Articles - Written by Arthur Hughes - 1 Comment
Operational Databases versus Marketing Databases
|Those new to database marketing often have trouble distinguishing a marketing database from an operational database. When you finish reading this editorial, you will know the difference, and why it is important.
An operational database is one that is used to take orders and fulfill them. It can be a catalog fulfillment system, or something connected to a Point of Sale system in retail stores. It keeps track of inventory and payments. It takes credit cards. It is run by accountants, since it must balance to the penny. It supports the IRS tax filings and regulations. It is managed by IT for the finance and operations groups in the company. It is seldom outsourced. Records are seldom if ever deleted. It is based on accounts and transactions. Few businesses can run successfully without an operational database.
|A marketing database is based on customers. It keeps track of each customer and what that customer has purchased, the communications sent to the customer, and the responses back from her, including survey results, complaints, etc. The marketing is created for the marketing department, and is usually outsourced. It is used to build relationships with customers, for cross sales, up sales, reactivations and new acquisitions. It is usually in relational format so that all of a customer’s transactions can be viewed. Demographic data is often appended to it, and computed fields added: lifetime value, RFM, cumulative annual sales and transactions, and the results of campaigns. You often run National Change of Address on the database. You consolidate the duplicates when you find them.
With a marketing database, the marketing department develops campaigns designed to build customer loyalty or increase sales. The customers are divided into segments based on behavior (frequent buyers) or demographics (seniors versus young marrieds, versus college students). Campaigns are created for different segments, with responses put into the database record so you can see the return on investment from each campaign. Lifetime value is used to predict the value of each customer. Models are used to predict attrition. You cannot successfully run a cell phone, long distance phone company, or credit card company without a marketing database. Marketing databases are used by banks, insurance companies, airlines, hotels and most of the Fortune 1000.
When the marketing department in any company decides that it needs a marketing database, it will usually let the IT department know of it. IT, typically, will say either that “Well, we can build you one. No problem.” Or “Why can’t you just modify the operational database that we already have to accomplish your mission?” Both answers are wrong and dangerous for marketing.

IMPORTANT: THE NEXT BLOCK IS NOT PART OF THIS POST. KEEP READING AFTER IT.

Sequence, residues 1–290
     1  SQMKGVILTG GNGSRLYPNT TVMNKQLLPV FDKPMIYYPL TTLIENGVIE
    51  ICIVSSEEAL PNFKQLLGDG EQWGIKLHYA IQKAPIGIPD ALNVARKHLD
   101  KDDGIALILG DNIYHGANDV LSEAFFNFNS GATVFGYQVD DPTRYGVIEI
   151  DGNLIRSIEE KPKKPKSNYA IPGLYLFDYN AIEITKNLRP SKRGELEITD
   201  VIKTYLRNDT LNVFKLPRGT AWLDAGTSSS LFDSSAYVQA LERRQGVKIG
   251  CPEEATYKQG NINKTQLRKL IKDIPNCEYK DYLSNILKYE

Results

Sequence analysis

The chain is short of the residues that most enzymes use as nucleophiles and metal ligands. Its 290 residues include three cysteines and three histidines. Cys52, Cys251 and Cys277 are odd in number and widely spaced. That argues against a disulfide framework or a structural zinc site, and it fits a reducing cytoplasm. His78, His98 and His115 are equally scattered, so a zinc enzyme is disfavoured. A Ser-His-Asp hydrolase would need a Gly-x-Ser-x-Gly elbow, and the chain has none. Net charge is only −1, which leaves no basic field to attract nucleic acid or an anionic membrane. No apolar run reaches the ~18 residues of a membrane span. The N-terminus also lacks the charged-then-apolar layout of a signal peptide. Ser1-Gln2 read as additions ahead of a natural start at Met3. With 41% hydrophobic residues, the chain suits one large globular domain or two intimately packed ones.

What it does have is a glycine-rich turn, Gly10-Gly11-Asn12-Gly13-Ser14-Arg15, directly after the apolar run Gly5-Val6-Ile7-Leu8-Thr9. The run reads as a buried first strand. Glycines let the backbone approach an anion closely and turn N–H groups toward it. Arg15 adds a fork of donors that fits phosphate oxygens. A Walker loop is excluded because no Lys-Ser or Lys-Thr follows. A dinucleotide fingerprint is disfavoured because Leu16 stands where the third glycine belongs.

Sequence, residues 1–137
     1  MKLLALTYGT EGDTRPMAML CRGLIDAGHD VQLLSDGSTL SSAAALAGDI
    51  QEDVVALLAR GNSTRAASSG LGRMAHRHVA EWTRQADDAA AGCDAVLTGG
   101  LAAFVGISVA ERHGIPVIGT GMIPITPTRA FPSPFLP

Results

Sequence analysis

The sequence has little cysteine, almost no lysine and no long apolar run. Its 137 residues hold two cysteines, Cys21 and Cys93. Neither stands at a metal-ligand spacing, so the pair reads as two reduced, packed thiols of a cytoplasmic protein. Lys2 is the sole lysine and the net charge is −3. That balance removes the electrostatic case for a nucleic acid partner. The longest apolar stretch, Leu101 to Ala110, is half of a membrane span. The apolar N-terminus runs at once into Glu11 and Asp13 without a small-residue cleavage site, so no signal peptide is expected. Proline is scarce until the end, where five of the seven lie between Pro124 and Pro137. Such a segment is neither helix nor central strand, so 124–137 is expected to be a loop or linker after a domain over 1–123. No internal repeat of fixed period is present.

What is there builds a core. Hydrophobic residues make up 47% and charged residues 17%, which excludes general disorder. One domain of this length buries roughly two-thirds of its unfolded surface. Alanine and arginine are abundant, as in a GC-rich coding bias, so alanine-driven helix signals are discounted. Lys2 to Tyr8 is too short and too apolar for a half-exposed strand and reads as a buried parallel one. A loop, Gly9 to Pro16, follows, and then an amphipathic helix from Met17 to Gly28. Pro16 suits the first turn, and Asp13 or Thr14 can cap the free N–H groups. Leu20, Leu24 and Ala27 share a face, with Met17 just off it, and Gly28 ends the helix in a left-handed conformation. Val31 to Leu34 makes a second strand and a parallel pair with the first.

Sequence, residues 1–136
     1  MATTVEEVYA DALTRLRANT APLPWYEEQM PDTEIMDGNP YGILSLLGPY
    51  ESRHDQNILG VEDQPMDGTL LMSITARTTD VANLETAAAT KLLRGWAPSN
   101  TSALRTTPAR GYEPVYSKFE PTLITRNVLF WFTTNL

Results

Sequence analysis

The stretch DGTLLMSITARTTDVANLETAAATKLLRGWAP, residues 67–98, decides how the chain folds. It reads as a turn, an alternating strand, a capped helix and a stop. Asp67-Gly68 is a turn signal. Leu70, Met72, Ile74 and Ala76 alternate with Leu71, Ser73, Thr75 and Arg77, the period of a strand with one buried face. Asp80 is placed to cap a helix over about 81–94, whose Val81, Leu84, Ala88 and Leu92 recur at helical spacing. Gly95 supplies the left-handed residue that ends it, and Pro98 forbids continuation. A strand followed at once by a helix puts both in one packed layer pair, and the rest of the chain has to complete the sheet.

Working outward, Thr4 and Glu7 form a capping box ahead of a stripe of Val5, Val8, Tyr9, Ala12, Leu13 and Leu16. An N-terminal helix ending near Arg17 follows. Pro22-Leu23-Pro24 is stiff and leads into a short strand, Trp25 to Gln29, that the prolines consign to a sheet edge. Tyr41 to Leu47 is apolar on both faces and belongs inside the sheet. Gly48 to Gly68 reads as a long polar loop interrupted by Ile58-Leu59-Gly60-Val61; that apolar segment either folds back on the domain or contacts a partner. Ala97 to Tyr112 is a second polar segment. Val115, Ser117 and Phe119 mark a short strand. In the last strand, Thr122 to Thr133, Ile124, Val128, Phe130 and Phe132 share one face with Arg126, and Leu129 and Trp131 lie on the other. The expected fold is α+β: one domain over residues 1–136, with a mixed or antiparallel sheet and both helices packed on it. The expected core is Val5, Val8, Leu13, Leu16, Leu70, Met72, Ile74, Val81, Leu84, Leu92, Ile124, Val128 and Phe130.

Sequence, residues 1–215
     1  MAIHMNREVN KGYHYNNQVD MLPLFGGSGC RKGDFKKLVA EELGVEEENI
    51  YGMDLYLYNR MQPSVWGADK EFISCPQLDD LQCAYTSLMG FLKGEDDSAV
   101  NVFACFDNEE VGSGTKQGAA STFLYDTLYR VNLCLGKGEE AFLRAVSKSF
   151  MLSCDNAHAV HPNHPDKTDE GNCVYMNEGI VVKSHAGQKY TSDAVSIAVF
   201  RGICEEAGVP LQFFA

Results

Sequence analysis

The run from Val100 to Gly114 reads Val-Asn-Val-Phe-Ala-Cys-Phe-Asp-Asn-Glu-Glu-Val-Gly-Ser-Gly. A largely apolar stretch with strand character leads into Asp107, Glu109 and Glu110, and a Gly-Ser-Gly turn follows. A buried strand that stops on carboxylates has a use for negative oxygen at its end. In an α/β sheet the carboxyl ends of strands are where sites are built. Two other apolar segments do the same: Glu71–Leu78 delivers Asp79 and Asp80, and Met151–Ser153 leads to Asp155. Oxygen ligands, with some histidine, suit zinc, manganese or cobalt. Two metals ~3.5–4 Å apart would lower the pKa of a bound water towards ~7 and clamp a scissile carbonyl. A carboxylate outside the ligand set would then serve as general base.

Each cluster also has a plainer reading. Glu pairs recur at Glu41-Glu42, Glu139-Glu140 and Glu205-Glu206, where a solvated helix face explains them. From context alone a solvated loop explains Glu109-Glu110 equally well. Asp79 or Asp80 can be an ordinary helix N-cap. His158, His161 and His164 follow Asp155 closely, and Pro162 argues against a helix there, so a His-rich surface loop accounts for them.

The reason you cannot make an operational database do the work of a marketing database is that the structure (based on accounts) and the governance (financial and operations) are inconsistent with customers and marketing. The marketing folks want to create segments, append data, compute LTV, determine next best product for each customer, post responses and survey results which are not transactions, and use the database to measure campaigns which means storing promotion history. In trying to do all of this, the marketers come up against a committee of IT and financial people who want to be consulted on everything that the marketing folks want to do with the database. They say that all this superfluous data (promotion history, appended data, householding, etc.) just slows down operations and complicates the database. They will fight any new ideas coming out of marketing. The two types of database are not the same, and cannot be merged successfully.
IT usually cannot build a marketing database in house. The reason is that none of the usual IT software works. Marketing databases use new software that must be purchased. Staff has to be trained to use it. You have to have software that corrects the addresses, accomplishes duplicate consolidation, creates segments, and permits marketers to create campaigns and do back end analysis. Marketers want to have the database available to them on their PC screens so that they can view records and run counts and campaigns. You don’t do that with an operational database. The marketing database must be built in relational format on a server. In an operational database, the goal is to create a standard format that will run for months without modification. A marketing database format will be constantly changed as the department creates new campaigns, surveys, promotions, and segments, and adds demographic information such as age, income, home value, length of residence, etc.
If the marketing department lets IT build the marketing database for them, they can kiss their dynamic customer relations building programs goodbye. For one reason, operational concerns always take priority over marketing. Which is more important: getting the bills out and maintaining inventory, or sending out some marketing promotion? You know the answer to that. You lose.
So it is vitally important to marketing success that you have a marketing database, and that you outsource it to some service bureau that has skills, software and years of experience building and maintaining marketing database. Don’t let them tell you that you can let your marketing program hitch a ride on the operational database.
Arthur Middleton Hughes is Vice President of The Database Marketing Institute that does research and consulting for e-mail and database marketing companies. He would love to hear about your problems. Perhaps he could help. He can be reached at Arthur.firstname.lastname@example.org or 954 767 4558. His new book Strategic Database Marketing 4th Edition is due out from McGraw-Hill in 2011.
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